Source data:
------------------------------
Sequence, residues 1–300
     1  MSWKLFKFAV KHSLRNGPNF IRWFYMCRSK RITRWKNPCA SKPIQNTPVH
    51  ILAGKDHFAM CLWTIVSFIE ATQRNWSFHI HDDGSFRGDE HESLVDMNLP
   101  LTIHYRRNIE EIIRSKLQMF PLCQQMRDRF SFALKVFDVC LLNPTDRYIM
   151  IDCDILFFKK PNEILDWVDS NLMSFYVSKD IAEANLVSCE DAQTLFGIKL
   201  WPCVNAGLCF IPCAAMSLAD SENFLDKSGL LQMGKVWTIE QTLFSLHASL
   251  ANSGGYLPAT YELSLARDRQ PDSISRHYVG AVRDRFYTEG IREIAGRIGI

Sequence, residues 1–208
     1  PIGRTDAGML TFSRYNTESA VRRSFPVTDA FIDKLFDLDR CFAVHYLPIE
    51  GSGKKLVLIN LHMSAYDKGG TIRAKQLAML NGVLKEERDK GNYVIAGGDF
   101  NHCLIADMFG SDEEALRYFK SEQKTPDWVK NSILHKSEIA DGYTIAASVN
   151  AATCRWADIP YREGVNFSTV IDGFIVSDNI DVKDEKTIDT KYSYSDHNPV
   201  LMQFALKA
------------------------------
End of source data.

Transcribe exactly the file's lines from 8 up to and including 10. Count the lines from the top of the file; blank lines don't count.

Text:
Sequence, residues 1–208
     1  PIGRTDAGML TFSRYNTESA VRRSFPVTDA FIDKLFDLDR CFAVHYLPIE
    51  GSGKKLVLIN LHMSAYDKGG TIRAKQLAML NGVLKEERDK GNYVIAGGDF